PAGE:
I'll be back.

Take all the time you need,
you're going to need it,

I've already asked
everyone in the house.

Yeah, but you're not me.


How come kids always
want to leave the nest,

but their laundry wants to stay?

Hey, how was the
attendance office?

It was fabulous,
fun, fantastic.


Yeah, if you don't
like their mood,

wait ten minutes.


So, have you
reconsidered my offer?

'Cause, you know,
if you really want
those walkie-talkies,

getting an allowance

is the only way to go.

No, thank you-- I don't need an
allowance; I have a plan.

And it's a lot easier

than taking out the trash
for the rest of my life.

She has a plan,
should we be concerned?

Not concerned;
afraid, very afraid.

What's new?

Move away from me.

Relax, Camden,
I don't need you.

I made other plans.

You're not the only guy
on campus who needs money.

No talking!

Okay, all books,

backpacks, purses on the floor.

Everyone may turn over
their exam and begin.

Face the front, Mr. Camden.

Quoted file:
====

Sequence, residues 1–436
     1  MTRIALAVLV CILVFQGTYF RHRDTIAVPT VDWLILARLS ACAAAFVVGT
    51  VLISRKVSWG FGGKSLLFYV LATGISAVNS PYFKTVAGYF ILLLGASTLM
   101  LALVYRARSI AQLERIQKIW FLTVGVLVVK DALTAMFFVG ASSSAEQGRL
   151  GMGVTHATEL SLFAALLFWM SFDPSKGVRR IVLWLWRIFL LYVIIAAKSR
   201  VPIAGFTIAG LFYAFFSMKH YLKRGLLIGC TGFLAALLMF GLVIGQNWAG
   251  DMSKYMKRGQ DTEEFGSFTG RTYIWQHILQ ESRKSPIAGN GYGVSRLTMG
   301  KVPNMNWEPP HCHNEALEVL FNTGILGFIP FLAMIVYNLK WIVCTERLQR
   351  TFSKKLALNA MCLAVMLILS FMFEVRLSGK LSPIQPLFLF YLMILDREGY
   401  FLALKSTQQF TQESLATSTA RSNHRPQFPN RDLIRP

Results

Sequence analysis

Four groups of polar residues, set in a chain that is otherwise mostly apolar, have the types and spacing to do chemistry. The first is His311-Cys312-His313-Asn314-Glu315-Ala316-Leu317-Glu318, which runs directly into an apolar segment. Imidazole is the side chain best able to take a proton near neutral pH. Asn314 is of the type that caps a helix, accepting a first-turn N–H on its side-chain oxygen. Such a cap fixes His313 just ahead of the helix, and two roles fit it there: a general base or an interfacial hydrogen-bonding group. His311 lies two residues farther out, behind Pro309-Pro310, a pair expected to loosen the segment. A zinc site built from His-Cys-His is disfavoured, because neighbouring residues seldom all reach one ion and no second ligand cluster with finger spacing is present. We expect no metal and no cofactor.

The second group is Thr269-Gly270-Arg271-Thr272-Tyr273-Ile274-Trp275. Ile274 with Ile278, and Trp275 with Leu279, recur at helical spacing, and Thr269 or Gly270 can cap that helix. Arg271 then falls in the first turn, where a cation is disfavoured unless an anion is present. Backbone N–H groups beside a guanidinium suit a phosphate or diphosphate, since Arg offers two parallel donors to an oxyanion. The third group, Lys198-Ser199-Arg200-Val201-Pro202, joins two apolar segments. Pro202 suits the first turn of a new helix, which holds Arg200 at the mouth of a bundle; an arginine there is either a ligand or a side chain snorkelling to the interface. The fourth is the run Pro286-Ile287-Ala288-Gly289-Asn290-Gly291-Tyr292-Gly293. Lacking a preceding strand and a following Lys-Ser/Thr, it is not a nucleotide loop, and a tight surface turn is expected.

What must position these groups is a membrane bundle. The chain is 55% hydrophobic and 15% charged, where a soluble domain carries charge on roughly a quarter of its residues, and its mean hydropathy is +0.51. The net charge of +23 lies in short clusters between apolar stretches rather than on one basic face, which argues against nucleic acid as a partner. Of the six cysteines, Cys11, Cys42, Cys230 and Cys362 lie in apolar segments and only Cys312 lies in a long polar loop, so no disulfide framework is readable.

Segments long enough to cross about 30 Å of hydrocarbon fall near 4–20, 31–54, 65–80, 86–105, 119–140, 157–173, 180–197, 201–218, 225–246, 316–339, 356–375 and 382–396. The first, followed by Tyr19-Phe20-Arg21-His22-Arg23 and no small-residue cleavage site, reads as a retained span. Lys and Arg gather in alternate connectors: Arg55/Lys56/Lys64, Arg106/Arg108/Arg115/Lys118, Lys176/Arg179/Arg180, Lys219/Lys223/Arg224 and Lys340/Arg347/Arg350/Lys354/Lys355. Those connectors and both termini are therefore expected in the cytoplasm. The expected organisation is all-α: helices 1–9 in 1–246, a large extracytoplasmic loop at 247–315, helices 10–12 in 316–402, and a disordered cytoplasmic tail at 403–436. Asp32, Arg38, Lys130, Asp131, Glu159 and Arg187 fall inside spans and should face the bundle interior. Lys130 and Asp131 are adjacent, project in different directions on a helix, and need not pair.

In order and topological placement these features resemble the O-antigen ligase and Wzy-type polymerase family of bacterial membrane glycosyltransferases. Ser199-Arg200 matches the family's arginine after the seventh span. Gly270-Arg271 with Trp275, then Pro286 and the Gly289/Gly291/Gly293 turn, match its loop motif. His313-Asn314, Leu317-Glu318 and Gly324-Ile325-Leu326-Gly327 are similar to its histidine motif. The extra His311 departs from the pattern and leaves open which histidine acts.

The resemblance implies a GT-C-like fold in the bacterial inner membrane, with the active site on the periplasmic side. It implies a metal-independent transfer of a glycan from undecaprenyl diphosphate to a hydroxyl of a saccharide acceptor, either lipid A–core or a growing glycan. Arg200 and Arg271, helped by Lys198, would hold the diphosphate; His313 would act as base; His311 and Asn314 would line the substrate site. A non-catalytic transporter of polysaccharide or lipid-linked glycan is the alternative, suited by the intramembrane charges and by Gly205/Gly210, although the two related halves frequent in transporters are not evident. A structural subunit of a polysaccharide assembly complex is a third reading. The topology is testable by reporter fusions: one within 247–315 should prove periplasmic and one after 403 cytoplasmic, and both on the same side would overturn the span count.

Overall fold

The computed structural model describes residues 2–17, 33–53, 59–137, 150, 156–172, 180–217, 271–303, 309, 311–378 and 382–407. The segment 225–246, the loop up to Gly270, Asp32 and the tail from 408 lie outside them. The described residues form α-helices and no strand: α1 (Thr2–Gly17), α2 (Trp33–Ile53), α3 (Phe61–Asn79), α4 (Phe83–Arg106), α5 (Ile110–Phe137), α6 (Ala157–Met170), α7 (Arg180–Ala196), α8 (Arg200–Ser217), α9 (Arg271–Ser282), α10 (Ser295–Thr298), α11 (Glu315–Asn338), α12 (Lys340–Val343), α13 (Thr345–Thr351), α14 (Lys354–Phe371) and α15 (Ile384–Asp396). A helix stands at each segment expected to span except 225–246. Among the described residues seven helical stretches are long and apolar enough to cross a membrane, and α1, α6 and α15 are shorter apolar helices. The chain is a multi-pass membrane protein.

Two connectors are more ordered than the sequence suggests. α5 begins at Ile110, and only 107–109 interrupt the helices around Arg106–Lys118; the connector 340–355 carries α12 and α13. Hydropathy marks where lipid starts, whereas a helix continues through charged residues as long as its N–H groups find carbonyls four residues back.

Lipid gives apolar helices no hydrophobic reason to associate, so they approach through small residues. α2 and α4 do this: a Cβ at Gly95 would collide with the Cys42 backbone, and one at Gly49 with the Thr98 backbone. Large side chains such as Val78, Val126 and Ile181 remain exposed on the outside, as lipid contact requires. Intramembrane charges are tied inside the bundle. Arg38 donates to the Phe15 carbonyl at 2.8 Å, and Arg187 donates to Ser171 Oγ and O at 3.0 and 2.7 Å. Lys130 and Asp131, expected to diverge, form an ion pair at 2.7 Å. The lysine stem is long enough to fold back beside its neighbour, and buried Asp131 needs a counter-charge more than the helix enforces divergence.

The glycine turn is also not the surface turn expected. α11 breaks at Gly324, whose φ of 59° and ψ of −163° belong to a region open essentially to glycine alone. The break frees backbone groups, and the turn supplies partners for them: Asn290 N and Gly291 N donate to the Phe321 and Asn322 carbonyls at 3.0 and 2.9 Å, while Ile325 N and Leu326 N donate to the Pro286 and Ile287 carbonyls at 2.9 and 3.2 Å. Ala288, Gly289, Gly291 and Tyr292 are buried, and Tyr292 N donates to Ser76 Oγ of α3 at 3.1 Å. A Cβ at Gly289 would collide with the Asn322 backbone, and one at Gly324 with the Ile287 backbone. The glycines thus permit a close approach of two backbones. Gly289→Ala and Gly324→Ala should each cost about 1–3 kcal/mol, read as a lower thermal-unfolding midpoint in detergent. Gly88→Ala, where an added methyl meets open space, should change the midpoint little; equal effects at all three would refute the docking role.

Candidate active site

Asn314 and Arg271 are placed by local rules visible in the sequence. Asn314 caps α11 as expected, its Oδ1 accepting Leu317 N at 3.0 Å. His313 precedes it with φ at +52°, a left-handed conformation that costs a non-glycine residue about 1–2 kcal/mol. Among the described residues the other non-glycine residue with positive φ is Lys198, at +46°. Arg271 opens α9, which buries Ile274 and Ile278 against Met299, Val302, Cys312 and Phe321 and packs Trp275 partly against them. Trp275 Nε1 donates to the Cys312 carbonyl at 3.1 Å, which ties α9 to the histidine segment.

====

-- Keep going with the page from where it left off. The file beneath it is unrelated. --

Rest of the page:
My name's Bernadette,
what's yours?


What happened to your lip?

It's a long story.

Hey, is your mommy home?

Go inside, honey.


Bye, Bernadette.

Is that who I think that is?

Yeah, she's my daughter.

Maggie wasn't lying.

The rumor's true.

Well, now that you've seen her,
you can go.

Corey, listen.

Look, you're not going
anywhere until we talk.

I-I looked for you at school,
but you disappeared.

I had a baby
when I was 14.

Are you satisfied now?

How did you hide this
from everyone?

It wasn't easy.

I couldn't have anyone
over to my house.

I couldn't go to parties
or stay out late.

And forget about dating.

What with taking care of a baby,

I barely had time
to go to school,

let alone play basketball.

When I think about it,
I actually don't even know